photo by Melanie McGraw for the American Institute of Architects
A flurry of architectural enthusiasm took over San Francisco last weekend as the AIA Home Tours shifted into full gear, exhibiting an incredible set of sustainable homes. Even the tour headquarters, located within the new office of Matarozzi Pelsinger Builders Inc., was a stunning adaptive reuse project that showcased a variety of sustainable building strategies. Designed by Aidlin Darling Design, the adaptive reuse project revitalizes a previously derelict turn-of-the-century industrial building while salvaging 75% of the structure’s original materials.
This project is one of the first to utilize San Francisco’s priority permitting process for new construction achieving LEED Gold level certification. Aidlin Darling Design capitalized on the building’s enormous timber beams and stairwells, which were maintained or creatively re-used, as in the reincarnated heavy timber office conference table. Considerable seismic upgrades resulted in a cost comparable to new construction, but the need for new resources was dramatically reduced.
A 30kW solar array covers the upper roof area and harvests approximately 70% of the building’s annual electricity use. The lower ‘living’ roof is designed to reduce heat-island effect, slow storm water run-off and provide enhanced insulation. All site paving is permable, further reducing storm water drainage into the City’s sewer system, and all concrete floors and exterior hardscaping utilize a minimum 20% fly ash instead of Portland cement. The permeable pavers also provide parking for Matarozzi Pelsinger’s fleet of three CNG cars and two Biodiesel trucks.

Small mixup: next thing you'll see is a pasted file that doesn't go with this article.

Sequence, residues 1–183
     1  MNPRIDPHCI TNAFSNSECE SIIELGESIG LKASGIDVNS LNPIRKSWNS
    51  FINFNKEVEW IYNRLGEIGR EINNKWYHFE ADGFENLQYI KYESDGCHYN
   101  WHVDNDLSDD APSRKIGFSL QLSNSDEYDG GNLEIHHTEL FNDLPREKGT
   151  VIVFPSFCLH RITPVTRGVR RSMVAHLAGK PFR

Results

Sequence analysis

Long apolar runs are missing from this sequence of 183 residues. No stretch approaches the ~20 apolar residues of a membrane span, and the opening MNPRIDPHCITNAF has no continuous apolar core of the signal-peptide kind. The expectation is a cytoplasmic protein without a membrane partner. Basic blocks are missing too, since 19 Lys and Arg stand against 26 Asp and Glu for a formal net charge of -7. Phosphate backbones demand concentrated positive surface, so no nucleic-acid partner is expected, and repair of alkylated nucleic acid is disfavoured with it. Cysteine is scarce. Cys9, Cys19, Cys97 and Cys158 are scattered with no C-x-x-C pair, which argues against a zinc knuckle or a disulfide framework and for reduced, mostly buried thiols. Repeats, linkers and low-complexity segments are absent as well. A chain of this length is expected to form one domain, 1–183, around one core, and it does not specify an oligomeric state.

Inside the space, daylight sensors adjust the level of lighting to only what is needed for the time of day and a high-efficiency boiler powers radiant heating in the building floors. Low-flow water fixtures and dual flush toilets, and drought-resistant native plants outside, reduce the building’s water use by approximately 30%.
The building envelope is perhaps its most interesting feature, and was probably inspired by the skin of Herzog and de Mueron’s De Young Museum. Though not copper and ever-changing like the De Young, the MPB building’s perforated zinc skin takes on a varying stipple effect as it wraps across the facade. The building sides maintain industrial corrugated metal cladding, while the east and west ends are designed to “breathe” naturally, eliminating the need for conventional air conditioning while protecting operable windows from too much air or solar heat gain.
Add a couple of cocktails to the bright California sun, and this made for fantastic reception to energize us for another day of tours ahead.